Nortel, Cisco and Lenovo have all announced job cuts this week, adding to the woes of the already beleaguered IT industry.
The Canadian supplier, which entered administration in mid-January, is desperately looking at a range of cost reduction measures to decrease the company's cash burn. The measures include a thorough review of its real estate and IT licences, along with all supplier and customer contracts.
However, Mike Zafirovski, Nortel president and chief executive, said that tougher decisions had to be made in order to restructure the company in its efforts towards a successful emergence from creditor protection.
"With the unprecedented economic environment and resultant impacts on revenues, significant changes are required to regain our financial footing," he said.
Zafirovski added that notifying staff of the redundancies had been " difficult", and that the company was conscious of the personal impact on affected workers and their families. Nortel said it will make severance payments according to each country's employment legislation.
In terms of Nortel’s staff numbers, following the reduction by 5,000 positions, there will be approximately 26,200 employees. Nortel has also frozen its bonus scheme for current employees, and has asked for relief from its annual shareholder meeting, arguing that staff should not be distracted from stabilising the business.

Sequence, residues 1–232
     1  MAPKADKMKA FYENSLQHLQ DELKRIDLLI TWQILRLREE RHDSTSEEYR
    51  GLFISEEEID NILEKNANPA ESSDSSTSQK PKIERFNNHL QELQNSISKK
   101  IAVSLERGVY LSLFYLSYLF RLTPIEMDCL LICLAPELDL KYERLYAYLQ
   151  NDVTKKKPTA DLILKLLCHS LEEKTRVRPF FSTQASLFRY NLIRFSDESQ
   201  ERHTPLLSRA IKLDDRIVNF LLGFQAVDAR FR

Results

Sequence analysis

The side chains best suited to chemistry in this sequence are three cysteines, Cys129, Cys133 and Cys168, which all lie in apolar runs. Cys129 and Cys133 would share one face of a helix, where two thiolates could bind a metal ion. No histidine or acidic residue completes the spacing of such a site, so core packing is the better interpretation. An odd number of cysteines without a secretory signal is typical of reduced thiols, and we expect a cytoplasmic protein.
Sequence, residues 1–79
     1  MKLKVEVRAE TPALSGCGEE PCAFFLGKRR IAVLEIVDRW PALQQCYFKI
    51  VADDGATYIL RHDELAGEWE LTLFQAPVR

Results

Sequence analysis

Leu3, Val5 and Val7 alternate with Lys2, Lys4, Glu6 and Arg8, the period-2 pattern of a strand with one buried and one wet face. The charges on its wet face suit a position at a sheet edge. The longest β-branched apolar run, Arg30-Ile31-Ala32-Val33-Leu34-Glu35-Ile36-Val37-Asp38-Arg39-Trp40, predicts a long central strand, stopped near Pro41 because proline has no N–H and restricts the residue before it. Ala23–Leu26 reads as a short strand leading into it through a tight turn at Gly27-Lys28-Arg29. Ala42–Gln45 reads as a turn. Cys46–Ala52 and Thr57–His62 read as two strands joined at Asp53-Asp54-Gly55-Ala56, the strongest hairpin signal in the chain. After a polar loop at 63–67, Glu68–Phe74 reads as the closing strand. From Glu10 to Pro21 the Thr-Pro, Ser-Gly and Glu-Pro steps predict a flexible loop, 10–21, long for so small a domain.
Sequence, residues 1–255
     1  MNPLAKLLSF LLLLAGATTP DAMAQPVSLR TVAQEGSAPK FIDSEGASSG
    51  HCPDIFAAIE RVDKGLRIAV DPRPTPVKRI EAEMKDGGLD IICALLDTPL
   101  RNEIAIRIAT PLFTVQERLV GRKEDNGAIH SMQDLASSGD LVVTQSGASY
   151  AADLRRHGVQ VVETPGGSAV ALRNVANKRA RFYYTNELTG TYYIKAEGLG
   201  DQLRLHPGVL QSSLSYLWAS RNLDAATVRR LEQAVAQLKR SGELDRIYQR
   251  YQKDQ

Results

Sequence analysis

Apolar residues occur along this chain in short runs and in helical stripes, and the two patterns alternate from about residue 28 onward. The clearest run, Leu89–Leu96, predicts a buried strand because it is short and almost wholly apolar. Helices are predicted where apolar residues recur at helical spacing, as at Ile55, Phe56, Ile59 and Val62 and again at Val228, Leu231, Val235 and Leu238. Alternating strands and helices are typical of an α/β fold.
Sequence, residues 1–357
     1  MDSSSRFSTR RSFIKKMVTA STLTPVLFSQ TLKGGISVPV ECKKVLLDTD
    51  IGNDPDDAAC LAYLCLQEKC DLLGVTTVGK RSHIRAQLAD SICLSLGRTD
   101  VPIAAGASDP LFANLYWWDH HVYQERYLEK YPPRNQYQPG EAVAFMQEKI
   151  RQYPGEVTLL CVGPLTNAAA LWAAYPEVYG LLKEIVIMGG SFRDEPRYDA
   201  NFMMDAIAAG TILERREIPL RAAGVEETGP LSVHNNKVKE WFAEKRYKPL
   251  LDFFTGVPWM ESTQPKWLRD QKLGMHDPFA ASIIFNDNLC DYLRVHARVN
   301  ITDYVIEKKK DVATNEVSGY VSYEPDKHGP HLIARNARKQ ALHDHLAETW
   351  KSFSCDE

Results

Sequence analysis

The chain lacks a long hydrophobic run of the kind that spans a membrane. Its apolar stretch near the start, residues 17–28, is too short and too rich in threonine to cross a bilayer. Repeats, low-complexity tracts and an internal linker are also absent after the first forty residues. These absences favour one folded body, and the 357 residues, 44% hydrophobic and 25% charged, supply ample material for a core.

Meanwhile, networking giant Cisco is also reducing its headcount. Reports in The Wall Street Journal suggest that there have been hundreds of redundancies this week as part of a long-term plan to cut 2,000 employees in total.
The news is not unexpected. The company had referred to "limited restructuring" in a call with financial analysts following the release of its second-quarter results.
In response to reports of the job cuts, a company spokesperson said, "Cisco is constantly evaluating its business priorities, resources and overall employee alignment as part of our business management process. This limited restructuring is part of our ongoing, targeted realignment of resources."
Lenovo will also make additional job cuts this week on top of the 2,500 already implemented. Lenovo will cut 450 jobs in China in global functions that support virtually all geographies and all business processes, according to a Lenovo spokesman.
"This is consistent with broader efforts to streamline the company and reduce costs in staff and support functions," he said. "These difficult decisions are in no way a reflection on the talent and dedication of our workforce, but are a reflection of the realities of the global economy and our fiercely competitive industry."
The total number of job cuts in the technology sector is difficult to determine, but the number is likely to be at least 100,000, although many have been contract staff.
Some of the largest cuts planned are by IBM with 16,000, Oracle with 8,000, BT with 10,000, AT&T with 12,000, Microsoft with 5,000, Philips with 6,000, Motorola with 4,000, SAP with 3,000, EMC with 2,400 and Virgin Media with 2,200.
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